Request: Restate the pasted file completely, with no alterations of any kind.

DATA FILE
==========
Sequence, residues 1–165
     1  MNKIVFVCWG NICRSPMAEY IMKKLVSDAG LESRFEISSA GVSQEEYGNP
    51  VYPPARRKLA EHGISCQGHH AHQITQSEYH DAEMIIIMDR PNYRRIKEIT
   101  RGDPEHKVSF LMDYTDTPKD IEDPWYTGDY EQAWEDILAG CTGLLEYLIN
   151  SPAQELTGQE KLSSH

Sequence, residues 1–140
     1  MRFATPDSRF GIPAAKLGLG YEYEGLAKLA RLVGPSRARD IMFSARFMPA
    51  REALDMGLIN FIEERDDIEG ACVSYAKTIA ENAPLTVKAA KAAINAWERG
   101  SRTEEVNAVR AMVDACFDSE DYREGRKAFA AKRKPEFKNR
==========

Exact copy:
Sequence, residues 1–165
     1  MNKIVFVCWG NICRSPMAEY IMKKLVSDAG LESRFEISSA GVSQEEYGNP
    51  VYPPARRKLA EHGISCQGHH AHQITQSEYH DAEMIIIMDR PNYRRIKEIT
   101  RGDPEHKVSF LMDYTDTPKD IEDPWYTGDY EQAWEDILAG CTGLLEYLIN
   151  SPAQELTGQE KLSSH

Sequence, residues 1–140
     1  MRFATPDSRF GIPAAKLGLG YEYEGLAKLA RLVGPSRARD IMFSARFMPA
    51  REALDMGLIN FIEERDDIEG ACVSYAKTIA ENAPLTVKAA KAAINAWERG
   101  SRTEEVNAVR AMVDACFDSE DYREGRKAFA AKRKPEFKNR